New battles

Ongoing opposition to the legalization of abortion has succeeded in incrementally restricting American women’s access to it.

Mississippi’s stringent abortion law, passed in 2018 but blocked by state courts, is one of several hundred laws enacted since 2011 by state legislatures that make abortions illegal after a certain point in early pregnancy.

Medical abortion isn’t the only way women can exert control over reproduction. Even before 1973 and Roe v. Wade, American women in some states had legal access to medical abortion, or pills that terminate a pregnancy, and to a wide range of contraceptives, including diaphragms and condoms – both longstanding devices – and the birth control pill, which came on the market in 1960.

However, some states restricted access to contraceptives. Five years after the pill was introduced, the Supreme Court ruled, in Griswold v. Connecticut, that married couples could not be denied access to contraceptives. In 1972, in Eisenstadt v. Baird, the court extended this right to unmarried persons.

After the Roe decision, annual abortions increased from 616,000 in 1973 to 1.4 million in 1990. But the number has been declining since then, reaching its lowest point in 2017 with 862,000 abortions. This is due in large part to an overall decline in pregnancies and births.

During the Trump administration, a record number of states acted to advance reproductive health rights by introducing legislation to protect abortion access. Several states, including New York, now guarantee a woman’s right to have an abortion within their borders.

Today, with the availability of a greater range of contraception, abortion drugs and state laws that protect abortion access, it seems unlikely that women’s status will ever go back to where it was before 1973, even if Roe v. Wade is struck down. For one, new state laws protecting abortion would stand. And the US economy’s strong demand for women’s labor all but ensures women can’t be reconsigned into working primarily or exclusively in unpaid domestic roles.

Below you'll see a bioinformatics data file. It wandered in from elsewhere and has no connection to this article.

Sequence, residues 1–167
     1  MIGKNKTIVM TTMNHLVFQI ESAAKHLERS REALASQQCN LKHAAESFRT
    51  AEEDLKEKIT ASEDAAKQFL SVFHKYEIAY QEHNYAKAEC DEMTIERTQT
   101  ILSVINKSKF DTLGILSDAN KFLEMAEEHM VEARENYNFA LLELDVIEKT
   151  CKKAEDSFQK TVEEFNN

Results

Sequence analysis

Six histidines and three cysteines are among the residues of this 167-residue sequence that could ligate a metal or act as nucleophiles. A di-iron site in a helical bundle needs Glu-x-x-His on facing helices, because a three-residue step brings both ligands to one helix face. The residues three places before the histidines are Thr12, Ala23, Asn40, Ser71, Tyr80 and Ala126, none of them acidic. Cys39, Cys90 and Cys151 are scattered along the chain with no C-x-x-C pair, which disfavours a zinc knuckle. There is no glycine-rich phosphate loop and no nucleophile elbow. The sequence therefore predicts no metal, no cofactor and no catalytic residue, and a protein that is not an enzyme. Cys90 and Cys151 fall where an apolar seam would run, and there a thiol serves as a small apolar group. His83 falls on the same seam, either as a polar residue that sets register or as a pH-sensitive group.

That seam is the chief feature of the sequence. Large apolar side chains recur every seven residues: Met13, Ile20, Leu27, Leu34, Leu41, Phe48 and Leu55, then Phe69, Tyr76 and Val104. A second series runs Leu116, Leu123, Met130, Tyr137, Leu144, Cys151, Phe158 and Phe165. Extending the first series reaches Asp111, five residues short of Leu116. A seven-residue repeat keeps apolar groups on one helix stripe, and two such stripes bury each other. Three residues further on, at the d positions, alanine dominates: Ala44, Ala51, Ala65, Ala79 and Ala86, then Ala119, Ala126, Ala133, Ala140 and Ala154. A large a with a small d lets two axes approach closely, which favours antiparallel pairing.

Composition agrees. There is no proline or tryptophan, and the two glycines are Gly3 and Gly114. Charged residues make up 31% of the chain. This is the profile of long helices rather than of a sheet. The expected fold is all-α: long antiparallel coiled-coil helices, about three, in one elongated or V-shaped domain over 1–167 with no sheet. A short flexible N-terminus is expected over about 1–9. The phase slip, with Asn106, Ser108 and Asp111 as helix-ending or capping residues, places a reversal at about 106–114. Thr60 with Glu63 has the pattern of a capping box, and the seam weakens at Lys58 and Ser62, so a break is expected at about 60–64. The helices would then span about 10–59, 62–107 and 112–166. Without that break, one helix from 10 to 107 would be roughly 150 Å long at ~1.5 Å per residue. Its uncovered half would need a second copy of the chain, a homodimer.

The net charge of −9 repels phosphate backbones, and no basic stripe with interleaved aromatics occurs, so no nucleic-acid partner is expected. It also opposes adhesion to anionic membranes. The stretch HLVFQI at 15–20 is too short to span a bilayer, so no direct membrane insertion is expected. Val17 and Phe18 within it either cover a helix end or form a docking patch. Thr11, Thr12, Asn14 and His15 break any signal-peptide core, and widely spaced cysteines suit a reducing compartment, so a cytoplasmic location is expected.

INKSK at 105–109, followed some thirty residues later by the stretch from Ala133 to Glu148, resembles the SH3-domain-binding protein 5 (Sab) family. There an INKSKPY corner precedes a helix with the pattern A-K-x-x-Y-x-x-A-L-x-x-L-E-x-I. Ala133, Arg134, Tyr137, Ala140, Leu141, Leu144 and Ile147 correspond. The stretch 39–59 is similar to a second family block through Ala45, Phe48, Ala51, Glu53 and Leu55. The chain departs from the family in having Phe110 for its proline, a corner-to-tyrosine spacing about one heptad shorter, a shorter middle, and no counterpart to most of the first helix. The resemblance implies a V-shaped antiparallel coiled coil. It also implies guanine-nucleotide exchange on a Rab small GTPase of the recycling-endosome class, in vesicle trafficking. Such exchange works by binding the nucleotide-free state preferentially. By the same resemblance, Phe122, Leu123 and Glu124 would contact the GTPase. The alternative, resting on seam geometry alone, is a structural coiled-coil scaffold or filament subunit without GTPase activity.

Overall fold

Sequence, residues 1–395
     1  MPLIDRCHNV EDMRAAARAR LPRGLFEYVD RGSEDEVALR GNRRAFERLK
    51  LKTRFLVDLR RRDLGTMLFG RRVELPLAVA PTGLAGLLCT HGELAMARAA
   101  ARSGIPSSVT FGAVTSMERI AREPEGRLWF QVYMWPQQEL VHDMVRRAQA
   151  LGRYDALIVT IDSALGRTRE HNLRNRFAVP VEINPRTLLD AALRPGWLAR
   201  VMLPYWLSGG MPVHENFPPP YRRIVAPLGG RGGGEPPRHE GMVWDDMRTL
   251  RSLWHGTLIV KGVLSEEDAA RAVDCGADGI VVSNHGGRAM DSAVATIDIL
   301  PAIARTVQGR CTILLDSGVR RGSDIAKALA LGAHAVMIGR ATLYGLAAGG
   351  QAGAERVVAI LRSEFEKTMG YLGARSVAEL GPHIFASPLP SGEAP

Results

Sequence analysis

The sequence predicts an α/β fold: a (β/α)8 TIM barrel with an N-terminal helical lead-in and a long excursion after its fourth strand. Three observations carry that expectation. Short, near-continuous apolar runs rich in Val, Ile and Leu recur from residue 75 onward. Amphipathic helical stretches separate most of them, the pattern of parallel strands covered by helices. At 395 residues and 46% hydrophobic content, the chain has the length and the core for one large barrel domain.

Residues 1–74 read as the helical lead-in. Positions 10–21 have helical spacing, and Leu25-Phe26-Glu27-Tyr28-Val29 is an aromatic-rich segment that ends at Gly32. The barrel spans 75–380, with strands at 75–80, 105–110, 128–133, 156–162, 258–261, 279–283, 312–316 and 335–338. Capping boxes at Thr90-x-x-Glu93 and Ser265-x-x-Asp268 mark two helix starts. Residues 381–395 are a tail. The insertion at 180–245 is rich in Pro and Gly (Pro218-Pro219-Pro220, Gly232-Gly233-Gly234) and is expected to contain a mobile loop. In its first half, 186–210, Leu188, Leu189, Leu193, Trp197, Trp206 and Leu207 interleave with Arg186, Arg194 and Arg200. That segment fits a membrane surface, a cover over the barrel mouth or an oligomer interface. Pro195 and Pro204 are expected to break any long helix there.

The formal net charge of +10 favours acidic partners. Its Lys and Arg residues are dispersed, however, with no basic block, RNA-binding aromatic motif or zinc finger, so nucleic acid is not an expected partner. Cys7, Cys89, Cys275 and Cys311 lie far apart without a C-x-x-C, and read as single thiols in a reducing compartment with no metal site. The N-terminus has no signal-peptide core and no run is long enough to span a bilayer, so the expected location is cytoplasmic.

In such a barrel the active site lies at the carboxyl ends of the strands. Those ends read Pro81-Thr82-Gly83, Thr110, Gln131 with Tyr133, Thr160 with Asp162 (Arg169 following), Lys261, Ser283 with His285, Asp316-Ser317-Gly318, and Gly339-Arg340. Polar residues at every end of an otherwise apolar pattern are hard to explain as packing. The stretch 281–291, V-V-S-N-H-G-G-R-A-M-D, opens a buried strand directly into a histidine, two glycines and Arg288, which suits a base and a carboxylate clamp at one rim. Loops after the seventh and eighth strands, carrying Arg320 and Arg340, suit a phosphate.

But Roe v. Wade greatly improved the lives of generations of women across the US in the last decades of the 20th century and early in the 21st, giving them previously unknown levels of freedom, autonomy and control over their lives. DM/ML 

This story was first published in The Conversation on 19 May 2021. This is an updated version of an article originally published on July 5, 2018.

Constance Shehan is a Professor of Sociology and Women’s Studies at the University of Florida.

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Comments - Please in order to comment.

  • Sheda Habib says:

    Oh hum and drum beats on.
    Sugar was good for you.
    Butter was bad.
    Eggs were bad for cholesterol
    Margarine was good.
    Everything changes.
    People learn through intelligence and not indoctrination that a life starts at conception so laws need to change.
    There is no war against men
    There is no war against women
    The different colours of the human race is only noticed by fools and politicians.
    The war around abortion is really a war of good vs evil with the innocent dying in-between.
    I can change my mind about anything, except life.

  • Jaco Louw says:

    Who stands up for the right to life for the unborn? There are other options than murder